Spring ISD board of trustees approves lowest tax rate in 20 years

Spring ISD approved its lowest tax rate in over 20 years at its Oct. 8 meeting.

Spring ISD approved its lowest tax rate in over 20 years at its Oct. 8 meeting.

Homeowners zoned to Spring ISD may see some relief this tax season, as the district’s board of trustees approved its lowest tax rate in 20 years.

The board unanimously approved a tax rate of $1.43 per $100 valuation at its Oct. 8 meeting—down $0.08 from $1.51 per $100 valuation in FY 2018-19. The tax rate is broken down into $0.97 for maintenance and operations and $0.46 for interest and sinking, which supports the district's debt service, Chief Financial Officer Ann Westbrooks said.

Westbrooks added that the last time SISD approved a tax rate decrease was more than a decade ago in FY 2007-08.

"I know our neighbors have been asking us when we're going to go down, so now all of us can go back and happily tell our neighbors that we have lowered your tax rates," President Rhonda Newhouse said during the meeting.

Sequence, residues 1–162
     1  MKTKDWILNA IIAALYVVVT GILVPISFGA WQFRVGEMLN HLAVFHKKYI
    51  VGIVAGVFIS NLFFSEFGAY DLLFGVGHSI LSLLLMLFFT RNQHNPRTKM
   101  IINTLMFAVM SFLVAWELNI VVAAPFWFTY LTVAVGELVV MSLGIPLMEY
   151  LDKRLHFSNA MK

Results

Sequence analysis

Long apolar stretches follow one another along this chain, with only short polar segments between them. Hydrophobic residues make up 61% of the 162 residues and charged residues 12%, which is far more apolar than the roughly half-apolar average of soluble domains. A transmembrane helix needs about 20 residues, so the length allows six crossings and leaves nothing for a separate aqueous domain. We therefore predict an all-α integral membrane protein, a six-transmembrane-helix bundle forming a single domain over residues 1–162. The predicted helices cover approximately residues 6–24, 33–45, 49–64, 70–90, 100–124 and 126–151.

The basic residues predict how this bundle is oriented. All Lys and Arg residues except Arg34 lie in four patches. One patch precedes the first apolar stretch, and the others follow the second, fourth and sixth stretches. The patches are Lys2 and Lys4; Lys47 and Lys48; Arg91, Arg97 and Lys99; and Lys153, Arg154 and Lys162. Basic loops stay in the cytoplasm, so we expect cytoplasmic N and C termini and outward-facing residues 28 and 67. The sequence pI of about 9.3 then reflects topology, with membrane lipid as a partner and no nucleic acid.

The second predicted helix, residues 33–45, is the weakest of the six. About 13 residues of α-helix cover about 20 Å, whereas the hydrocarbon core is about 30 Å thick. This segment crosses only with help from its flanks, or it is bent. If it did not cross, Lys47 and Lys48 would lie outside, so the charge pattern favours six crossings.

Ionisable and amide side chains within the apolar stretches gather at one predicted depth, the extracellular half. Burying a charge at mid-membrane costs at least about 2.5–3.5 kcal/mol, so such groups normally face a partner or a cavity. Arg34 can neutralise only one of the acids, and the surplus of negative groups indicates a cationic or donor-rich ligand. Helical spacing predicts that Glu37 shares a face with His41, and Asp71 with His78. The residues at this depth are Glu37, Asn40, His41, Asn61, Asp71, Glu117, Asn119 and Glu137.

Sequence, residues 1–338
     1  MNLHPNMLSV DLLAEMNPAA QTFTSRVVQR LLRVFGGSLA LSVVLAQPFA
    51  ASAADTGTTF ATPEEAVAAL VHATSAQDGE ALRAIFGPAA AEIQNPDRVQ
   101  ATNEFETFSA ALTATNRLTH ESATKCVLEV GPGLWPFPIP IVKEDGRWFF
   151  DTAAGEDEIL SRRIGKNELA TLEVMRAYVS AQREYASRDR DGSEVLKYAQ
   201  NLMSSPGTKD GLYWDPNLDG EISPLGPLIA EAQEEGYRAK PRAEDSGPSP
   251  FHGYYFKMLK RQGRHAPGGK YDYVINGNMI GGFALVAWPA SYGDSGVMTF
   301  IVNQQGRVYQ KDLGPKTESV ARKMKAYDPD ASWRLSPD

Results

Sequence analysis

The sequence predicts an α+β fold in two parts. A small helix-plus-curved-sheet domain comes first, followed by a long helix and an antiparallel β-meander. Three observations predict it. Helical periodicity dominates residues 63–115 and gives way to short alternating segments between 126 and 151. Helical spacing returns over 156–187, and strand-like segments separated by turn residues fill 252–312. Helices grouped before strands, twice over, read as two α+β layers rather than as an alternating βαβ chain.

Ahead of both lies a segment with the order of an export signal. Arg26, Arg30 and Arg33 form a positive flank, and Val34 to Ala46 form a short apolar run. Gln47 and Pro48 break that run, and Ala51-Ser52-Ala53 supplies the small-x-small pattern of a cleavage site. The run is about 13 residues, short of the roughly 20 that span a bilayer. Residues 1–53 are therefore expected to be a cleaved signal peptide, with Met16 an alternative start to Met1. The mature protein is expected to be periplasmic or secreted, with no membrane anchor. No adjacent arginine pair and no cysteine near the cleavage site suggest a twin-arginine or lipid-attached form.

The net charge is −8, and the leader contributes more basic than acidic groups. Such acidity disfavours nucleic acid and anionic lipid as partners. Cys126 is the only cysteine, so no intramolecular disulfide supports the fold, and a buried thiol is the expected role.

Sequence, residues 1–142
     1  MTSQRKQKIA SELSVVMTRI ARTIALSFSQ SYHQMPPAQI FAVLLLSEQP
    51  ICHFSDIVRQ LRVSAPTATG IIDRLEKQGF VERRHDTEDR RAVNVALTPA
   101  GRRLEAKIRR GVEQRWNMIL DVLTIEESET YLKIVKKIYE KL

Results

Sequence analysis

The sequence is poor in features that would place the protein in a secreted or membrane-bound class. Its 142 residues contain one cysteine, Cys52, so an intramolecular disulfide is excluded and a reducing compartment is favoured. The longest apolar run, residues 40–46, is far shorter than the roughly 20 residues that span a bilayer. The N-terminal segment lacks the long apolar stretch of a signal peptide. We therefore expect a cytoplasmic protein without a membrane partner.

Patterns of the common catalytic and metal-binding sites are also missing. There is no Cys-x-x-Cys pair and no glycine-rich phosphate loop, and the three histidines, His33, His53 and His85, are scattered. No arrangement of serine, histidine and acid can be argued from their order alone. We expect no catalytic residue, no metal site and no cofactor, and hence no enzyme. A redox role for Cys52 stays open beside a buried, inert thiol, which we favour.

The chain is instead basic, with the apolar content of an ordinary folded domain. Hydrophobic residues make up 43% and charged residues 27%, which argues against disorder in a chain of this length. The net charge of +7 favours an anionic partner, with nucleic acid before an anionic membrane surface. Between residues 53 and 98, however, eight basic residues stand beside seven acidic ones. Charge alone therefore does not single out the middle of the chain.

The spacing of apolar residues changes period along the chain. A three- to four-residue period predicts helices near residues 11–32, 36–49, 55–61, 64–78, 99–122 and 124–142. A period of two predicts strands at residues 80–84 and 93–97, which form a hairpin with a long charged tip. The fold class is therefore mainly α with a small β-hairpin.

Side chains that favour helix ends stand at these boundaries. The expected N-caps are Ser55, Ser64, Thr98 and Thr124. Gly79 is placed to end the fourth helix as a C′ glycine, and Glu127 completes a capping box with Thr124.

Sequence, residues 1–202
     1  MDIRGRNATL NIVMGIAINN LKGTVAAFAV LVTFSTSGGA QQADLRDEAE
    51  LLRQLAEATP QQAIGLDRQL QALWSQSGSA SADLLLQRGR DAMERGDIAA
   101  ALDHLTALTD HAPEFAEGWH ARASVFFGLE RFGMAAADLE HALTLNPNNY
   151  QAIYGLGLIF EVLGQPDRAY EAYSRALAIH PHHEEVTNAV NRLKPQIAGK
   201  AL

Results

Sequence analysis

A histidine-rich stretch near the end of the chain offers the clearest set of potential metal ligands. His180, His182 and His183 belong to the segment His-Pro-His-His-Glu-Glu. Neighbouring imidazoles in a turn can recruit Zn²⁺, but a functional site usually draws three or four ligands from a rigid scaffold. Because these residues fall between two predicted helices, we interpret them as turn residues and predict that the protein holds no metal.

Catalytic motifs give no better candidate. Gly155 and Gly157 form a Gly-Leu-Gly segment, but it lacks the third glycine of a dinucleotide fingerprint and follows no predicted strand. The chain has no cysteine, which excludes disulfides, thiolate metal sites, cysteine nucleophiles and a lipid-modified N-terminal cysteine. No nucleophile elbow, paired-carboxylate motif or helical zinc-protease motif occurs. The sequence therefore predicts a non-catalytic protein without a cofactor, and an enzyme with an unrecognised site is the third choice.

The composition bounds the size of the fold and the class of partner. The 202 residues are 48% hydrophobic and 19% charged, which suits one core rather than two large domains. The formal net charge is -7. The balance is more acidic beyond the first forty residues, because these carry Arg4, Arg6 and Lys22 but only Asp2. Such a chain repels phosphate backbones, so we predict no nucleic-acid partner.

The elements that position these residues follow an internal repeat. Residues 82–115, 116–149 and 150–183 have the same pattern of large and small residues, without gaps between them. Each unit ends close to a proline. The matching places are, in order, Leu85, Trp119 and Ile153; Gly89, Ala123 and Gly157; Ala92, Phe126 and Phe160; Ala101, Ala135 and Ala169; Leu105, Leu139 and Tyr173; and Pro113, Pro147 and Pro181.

The 5.3% tax rate decrease is a result of the 86th Texas Legislature’s passage of House Bill 3 earlier this year, which allocated $11.6 billion to reform the way public school district are funded. The bill, which was signed into law by Gov. Greg Abbott on June 11, increases teacher salaries, decreases property tax rates and expands full-day pre-K programs for eligible students.

Based on the district’s median home value of $137,817, the average homeowner in SISD will pay approximately $1,970.78 in school district taxes this fiscal year, not including homestead exemptions. If the district had maintained its FY 2018-19 tax rate of $1.51 per $100 valuation, the average homeowner would have paid $2,081.04 in SISD taxes this year—a difference of $110.26.

District officials estimate SISD has about $14.43 billion worth of taxable value within district boundaries this fiscal year, Westbrooks said.
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By Hannah Zedaker

Born and raised in Cypress, Texas, Hannah Zedaker graduated from Sam Houston State University in 2016 with a bachelor's degree in mass communication and a minor in political science. She began as an intern with Community Impact Newspaper in 2015 and was hired upon graduation as a reporter for The Woodlands edition in May 2016. In January 2019, she was promoted to serve as the editor of the Spring/Klein edition where she covers Spring ISD and Harris County Commissioners Court, in addition to business, development and transportation news.


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